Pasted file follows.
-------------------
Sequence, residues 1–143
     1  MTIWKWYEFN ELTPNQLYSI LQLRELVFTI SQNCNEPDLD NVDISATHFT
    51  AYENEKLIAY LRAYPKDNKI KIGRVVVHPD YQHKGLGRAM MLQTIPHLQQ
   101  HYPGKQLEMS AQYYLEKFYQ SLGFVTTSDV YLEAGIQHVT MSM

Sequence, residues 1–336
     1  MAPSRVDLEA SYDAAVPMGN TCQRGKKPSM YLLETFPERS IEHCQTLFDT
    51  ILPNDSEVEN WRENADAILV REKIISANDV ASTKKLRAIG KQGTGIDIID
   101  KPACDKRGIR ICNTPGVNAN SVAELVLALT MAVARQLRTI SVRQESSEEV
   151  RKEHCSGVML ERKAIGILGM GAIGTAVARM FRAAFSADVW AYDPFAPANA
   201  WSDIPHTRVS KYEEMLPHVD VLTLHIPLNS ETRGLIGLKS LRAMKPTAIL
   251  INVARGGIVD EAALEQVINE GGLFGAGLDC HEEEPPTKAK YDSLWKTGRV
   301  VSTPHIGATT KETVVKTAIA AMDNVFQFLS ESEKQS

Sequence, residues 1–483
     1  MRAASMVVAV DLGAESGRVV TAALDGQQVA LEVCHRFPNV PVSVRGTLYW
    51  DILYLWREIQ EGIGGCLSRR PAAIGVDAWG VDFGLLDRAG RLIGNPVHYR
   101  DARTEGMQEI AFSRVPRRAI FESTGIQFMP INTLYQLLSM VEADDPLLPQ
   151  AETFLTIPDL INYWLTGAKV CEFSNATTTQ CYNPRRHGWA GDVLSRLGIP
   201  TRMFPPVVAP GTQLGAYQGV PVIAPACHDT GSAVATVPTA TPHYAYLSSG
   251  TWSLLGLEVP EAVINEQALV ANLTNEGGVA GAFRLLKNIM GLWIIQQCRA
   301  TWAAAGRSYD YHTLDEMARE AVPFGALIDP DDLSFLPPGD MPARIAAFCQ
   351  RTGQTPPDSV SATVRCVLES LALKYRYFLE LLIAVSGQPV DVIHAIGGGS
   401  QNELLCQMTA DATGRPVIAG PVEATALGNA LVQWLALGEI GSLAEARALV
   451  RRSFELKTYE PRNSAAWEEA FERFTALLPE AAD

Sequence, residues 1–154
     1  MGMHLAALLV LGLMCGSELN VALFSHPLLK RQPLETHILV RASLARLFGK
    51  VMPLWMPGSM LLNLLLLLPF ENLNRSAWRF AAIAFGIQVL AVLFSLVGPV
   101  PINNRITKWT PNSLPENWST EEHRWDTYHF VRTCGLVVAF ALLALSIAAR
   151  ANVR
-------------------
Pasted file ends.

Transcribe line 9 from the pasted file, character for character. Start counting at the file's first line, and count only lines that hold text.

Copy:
   151  RKEHCSGVML ERKAIGILGM GAIGTAVARM FRAAFSADVW AYDPFAPANA